Smeal Fire Apparatus announced today it has immediate plans to nearly double the workforce at its Neligh location.
President Mark Huber said Smeal is creating 25 new positions as it expands operations in Neligh and will begin hiring immediately.
“We’re here today to talk about how we’re going to advance Smeal, and to do that, we need people. We need 25 people specifically in our Neligh plant,” Huber said. “We’re here visiting with Northeast Community College, with the mayor and department of economic development trying to figure out how can we bring people in to an exciting opportunity that we have to grow.”
Neligh Economic Development Director Greg Ptacek called the job creation huge for not only the City of Neligh, but also for Antelope County and all of Northeast Nebraska.
“These are what in the industry we call primary jobs, where they’re not taking wealth from other people. They’re actually creating the wealth, so it’s huge,” Ptacek said. “It’s a huge benefit for everyone and something everyone in the community can get behind.”
Smeal builds fire truck apparatuses and is about to celebrate its 10th anniversary in Neligh. Huber said since 2013, Smeal’s sales have doubled. What’s holding Smeal back, he said, is its ability to produce as they outsell their capacity.
“We have the opportunity to create a whole lot of economic activity within the whole northeast section of Nebraska,” he said.
Because Smeal plans to hire immediately, Huber said the company has teamed up with Northeast Community College to assist in training new employees. He said, “We need anybody who has skill, aptitude and attitude who are ready to come and play, and we can train with the help of the college.”
Eric Johnson, vice president of Northeast Community College Center of Enterprise, said the college has a longstanding partnership with Smeal and will provide training for the new hires to enable them to immediately impact Smeal’s production.
“This is a way for Northeast to not only promote the education and training that we do, but also to step in and provide immediate assistance as it relates to short term training, which is the main focus areas we have here at the Smeal location,” Johnson said. “In the long-term process, we have programs and services at the college to graduate many of the high school students that would be coming in for a lot of our programming. Two of them would be the welding and electric mechanical side that Smeal is very interested in.”
Huber and Ptacek worked closely to research whether the Neligh area could support the creation of the new jobs.
“We have done a lot of research to stage ourselves for growth so when the time was right, we were at the table with actual conversations in how to make this possible,” Ptacek said. “Antelope County and the Neligh area really have the capacity to handle 25 new employees. This is going to be huge for Neligh.”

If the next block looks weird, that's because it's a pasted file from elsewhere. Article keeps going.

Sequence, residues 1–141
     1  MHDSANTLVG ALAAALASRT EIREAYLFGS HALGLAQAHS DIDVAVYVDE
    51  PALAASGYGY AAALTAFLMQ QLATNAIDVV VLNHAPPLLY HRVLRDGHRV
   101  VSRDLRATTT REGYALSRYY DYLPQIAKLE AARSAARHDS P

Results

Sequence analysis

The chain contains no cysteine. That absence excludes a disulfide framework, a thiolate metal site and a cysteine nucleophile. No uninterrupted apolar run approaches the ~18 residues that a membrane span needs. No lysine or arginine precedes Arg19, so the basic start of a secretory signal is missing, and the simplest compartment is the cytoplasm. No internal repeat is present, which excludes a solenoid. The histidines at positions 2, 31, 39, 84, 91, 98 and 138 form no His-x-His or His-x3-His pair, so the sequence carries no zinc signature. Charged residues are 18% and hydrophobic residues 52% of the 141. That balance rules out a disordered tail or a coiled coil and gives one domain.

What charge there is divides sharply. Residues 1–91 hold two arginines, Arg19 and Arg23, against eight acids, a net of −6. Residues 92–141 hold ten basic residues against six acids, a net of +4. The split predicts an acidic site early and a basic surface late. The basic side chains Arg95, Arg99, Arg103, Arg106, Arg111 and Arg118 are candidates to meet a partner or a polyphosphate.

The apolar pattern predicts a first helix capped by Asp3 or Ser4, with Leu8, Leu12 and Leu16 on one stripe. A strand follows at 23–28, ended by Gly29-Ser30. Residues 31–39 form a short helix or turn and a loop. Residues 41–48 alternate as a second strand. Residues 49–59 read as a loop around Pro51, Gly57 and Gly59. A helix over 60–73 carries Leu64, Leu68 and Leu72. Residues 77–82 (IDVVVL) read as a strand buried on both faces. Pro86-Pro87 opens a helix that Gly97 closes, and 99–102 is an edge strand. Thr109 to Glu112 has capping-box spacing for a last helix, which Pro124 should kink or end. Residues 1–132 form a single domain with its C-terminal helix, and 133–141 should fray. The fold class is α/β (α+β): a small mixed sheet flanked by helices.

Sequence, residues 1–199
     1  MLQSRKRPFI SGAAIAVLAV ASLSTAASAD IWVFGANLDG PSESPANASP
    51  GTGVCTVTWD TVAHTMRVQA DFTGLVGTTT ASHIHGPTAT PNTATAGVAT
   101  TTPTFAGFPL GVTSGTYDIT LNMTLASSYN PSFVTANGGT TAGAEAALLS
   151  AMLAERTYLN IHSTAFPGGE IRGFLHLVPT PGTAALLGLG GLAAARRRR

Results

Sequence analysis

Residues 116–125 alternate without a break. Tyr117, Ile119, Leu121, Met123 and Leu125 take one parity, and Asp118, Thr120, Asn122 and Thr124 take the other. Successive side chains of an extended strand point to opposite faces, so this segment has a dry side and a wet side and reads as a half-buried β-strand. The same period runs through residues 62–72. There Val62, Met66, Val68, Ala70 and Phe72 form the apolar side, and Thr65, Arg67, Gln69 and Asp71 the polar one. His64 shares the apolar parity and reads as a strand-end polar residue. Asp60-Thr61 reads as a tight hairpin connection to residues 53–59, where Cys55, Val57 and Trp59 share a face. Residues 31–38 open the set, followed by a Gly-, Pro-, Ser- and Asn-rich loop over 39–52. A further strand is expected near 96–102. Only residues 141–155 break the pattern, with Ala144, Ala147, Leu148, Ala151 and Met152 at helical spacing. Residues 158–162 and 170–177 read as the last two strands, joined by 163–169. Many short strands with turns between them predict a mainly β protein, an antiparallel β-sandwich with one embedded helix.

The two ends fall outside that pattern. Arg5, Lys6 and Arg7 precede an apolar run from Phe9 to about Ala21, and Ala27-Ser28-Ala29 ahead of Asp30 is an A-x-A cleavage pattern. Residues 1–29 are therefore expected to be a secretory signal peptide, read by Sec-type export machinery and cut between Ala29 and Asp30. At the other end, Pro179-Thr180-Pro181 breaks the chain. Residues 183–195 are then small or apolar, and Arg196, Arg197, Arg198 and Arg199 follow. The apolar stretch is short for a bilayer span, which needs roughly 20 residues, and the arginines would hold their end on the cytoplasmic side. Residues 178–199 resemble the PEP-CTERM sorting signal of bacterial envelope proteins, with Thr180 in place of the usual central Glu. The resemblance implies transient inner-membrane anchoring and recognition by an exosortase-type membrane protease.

Working for Smeal in Neligh is much more than simply heavy welding, Huber said. It’s an opportunity to save lives.
“When our people come to work everyday, they have one mission. And that’s to build the apparatus that firefighters use to save lives,” he said. “There aren’t a lot of industries where you have a direct impact on people’s lives continuing and really protecting the rest of the community.”
Neligh Mayor Joe Hartz, who is retired firefighter, said he appreciates the expansion not only because its an economic boost to the community but also because it means an increase in safety for firefighters.
“On my side, the retired firefighter’s side, it’s tremendously important because that is the equipment you put your life on the line with. These folks are providing us with good equipment that we can put out a fire in the middle of a snowstorm as we had. The cold weather in that equipment, it functions and works,” Hartz said. “We get home at night because of the work they do on their equipment. Thanks for all they do for firemen and the cities that they protect.”
Jeff Scherer, Smeal chief financial officer and NECC board of governor, said this is an exciting opportunity for everyone involved as it helps to strengthen the cross-sector partnership between industry and education.
Scherer called Smeal an excellent company to work for and said employees are very excited about the trajectory of the company.
“We sold nearly twice as many trucks this past year as we did two years ago. Now our challenge is to get those trucks built and in order to get them built we need,” he said. “Just like the Marine Corps, we are looking for a few good men and a few good women, and I know we can find them here in Neligh, Nebraska, and the surrounding communities.”
Those interested in filling the newly created positions are encouraged to visit Smeal’s website at http://www.smeal.com/Employment.